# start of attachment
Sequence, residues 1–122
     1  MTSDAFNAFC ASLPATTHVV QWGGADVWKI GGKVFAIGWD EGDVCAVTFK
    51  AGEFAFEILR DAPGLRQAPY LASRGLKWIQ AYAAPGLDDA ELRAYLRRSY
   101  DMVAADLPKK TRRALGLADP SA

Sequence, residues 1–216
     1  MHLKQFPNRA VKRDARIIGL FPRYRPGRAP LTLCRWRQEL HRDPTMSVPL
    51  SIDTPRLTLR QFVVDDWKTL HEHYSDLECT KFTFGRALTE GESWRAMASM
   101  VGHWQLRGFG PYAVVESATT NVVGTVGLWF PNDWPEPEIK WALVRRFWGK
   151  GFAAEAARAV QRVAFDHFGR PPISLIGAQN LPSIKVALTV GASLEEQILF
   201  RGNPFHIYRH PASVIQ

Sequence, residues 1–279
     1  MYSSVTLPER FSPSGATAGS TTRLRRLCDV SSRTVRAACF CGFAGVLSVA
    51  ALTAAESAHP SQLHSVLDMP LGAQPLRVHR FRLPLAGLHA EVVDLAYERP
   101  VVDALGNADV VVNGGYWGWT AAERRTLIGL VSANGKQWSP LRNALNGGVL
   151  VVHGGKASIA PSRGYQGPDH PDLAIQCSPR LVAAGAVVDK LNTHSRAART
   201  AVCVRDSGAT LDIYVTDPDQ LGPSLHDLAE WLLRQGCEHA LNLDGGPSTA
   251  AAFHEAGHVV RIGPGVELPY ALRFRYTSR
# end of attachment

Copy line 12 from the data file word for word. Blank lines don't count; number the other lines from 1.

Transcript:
     1  MYSSVTLPER FSPSGATAGS TTRLRRLCDV SSRTVRAACF CGFAGVLSVA